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Gregg Corbett


Marketing Director

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Green Office Week: How to promote workplace change


This week sees the start of the fourth ‘Green Office Week’, which is intended to encourage workers across the country to implement simple, practical, step-by-step changes in order to help make their workplaces more environmentally-friendly.

Our aim in launching the event was to champion a ‘bottom-up’ approach to encouraging behavioural change by using it as a springboard for developing more sustainable working practices.
So what has been learned so far to assist HR professionals in encouraging their employees to embrace sustainability?
Firstly, far from being a merely philanthropic venture, to get sustainability right, it is all about keeping things relevant, simple and realistic. Over the years, we have found that employees respond most positively to introducing changes that are achievable, actionable and make a measurable contribution to their organisations.
There is little doubt that most staff members are keen to behave in greener ways at work, but what often holds them back is the complexity of workplace procedures and the difficulty in implementing ideas.
Time and again our research has shown us that people are twice as likely to consider themselves as behaving in an environmentally-friendly way at home than they are at work, despite the high-value they place on the latter.
The employee factor
So the question is why? Unfortunately, the answers aren’t as simple as you might think. Far from not wanting to take responsibility for good environmental practice at work, employees often feel that they simply don’t have the power to make a difference, an attitude that runs the risk of developing into a sense of apathy.
At home, we are masters of our own environment and can control how we act in a green fashion within it. At work, however, the priorities of the business, the attitudes of those around us and the equipment that we use are all things that are generally beyond our power, often resulting in a loss of personal control.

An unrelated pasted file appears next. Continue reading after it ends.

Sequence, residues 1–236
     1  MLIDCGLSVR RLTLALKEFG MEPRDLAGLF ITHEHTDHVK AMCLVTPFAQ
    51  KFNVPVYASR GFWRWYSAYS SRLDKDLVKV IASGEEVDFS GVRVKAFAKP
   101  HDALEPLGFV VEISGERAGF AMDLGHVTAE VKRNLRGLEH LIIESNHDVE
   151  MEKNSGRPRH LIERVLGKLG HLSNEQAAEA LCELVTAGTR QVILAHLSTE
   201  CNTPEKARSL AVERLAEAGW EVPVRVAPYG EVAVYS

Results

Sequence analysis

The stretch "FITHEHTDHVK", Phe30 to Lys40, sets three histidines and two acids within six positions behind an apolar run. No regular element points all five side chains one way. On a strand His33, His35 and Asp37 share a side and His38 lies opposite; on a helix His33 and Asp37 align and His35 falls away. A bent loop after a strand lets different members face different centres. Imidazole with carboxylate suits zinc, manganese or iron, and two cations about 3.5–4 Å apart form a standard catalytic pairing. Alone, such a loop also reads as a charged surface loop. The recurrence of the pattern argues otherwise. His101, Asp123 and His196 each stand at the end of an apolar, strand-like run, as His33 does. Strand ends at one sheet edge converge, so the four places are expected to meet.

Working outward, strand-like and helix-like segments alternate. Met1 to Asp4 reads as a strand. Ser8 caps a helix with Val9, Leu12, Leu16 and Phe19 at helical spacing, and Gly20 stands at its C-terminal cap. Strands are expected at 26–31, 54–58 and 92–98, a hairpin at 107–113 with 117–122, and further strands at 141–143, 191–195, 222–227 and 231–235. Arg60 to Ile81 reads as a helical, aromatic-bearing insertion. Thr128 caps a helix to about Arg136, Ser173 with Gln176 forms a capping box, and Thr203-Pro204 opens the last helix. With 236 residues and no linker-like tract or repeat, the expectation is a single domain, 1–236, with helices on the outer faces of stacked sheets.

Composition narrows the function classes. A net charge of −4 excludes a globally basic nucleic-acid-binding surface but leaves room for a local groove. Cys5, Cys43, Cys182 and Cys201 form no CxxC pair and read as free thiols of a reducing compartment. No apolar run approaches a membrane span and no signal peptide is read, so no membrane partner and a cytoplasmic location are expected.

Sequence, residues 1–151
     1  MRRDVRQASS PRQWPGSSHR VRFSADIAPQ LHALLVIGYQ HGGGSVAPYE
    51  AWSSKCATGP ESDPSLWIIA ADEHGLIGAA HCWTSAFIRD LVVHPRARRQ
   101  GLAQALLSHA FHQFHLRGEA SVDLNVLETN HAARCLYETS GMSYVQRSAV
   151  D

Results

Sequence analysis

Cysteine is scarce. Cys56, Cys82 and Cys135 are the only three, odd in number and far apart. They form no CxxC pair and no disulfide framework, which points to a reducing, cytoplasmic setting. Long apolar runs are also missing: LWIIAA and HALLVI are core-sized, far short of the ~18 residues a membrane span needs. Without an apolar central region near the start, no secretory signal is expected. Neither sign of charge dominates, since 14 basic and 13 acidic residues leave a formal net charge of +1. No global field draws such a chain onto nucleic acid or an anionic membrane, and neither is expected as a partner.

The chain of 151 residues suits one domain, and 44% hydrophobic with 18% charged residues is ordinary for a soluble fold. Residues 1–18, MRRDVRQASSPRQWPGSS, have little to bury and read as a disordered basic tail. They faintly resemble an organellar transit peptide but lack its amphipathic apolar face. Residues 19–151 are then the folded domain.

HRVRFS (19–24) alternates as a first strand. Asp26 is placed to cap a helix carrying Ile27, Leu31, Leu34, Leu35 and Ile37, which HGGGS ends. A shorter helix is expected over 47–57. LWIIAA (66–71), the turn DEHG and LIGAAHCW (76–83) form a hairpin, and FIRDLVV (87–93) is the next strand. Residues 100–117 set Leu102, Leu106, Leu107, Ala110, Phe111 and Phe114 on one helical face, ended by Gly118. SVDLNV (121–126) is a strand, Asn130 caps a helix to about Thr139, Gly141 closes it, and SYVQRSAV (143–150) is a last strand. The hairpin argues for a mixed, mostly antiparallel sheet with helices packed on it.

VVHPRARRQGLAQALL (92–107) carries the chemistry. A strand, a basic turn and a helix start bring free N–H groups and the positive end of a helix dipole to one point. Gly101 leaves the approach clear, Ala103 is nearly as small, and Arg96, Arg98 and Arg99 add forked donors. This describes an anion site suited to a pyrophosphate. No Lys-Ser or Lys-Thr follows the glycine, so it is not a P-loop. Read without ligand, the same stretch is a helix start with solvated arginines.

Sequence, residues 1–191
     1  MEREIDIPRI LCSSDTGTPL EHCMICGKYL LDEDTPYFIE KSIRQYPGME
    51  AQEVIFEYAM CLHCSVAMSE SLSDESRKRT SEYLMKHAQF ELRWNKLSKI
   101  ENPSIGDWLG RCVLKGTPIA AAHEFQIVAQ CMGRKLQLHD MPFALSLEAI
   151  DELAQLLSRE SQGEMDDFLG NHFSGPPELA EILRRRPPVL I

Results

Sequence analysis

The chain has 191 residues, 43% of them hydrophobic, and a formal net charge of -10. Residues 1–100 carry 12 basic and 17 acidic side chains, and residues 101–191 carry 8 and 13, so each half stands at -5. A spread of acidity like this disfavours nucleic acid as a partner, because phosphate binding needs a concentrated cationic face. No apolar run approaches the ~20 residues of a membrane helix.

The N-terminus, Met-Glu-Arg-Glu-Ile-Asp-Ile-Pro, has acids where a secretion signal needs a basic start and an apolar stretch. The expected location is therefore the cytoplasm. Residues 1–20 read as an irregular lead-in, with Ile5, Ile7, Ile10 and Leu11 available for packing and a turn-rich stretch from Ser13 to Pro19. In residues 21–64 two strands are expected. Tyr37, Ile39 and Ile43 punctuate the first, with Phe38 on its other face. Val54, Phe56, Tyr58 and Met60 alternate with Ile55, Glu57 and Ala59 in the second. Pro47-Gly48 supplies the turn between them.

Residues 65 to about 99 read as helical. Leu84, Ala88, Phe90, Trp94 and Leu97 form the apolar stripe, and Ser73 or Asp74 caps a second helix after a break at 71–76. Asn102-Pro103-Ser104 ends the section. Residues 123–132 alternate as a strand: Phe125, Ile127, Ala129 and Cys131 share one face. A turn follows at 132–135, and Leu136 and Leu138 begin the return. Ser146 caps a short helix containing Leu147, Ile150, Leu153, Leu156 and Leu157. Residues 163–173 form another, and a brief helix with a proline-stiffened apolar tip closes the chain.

But giving employees the power to make change and create a working environment that encourages the exchange of idea can make a real difference.  
Ultimately, nobody will keep on fighting a losing battle, but they will respond positively to a sense of common purpose and community, in which they feel that their ideas are valued and listened to. But again, the key here is to keep things simple, realistic and actionable, to ensure that everyone is able to take part in implementing change.
So ask yourself what policies are in place in order to give individuals a voice? Ask your employees what could be improved upon on a day-to-day basis and how could you could best ensure that everyone gets and feels involved?
The sense of reward that comes from working together collaboratively is core to ensuring that change is embraced over the long-term. After all, it is one thing to have your boss tell you to do something and quite another to work with colleagues in developing and leading your own initiative.
The employer factor
Nonetheless, the reality tells quite a different story. Our research indicated that only one in five employees felt empowered enough to make pertinent suggestions that would help their workplace to become greener. Of those who did make such suggestions, however, about half said that their ideas were implemented and valued by colleagues. 
One of the problems was that one in ten workers felt their employer actively discouraged them from focusing on environmental issues at work.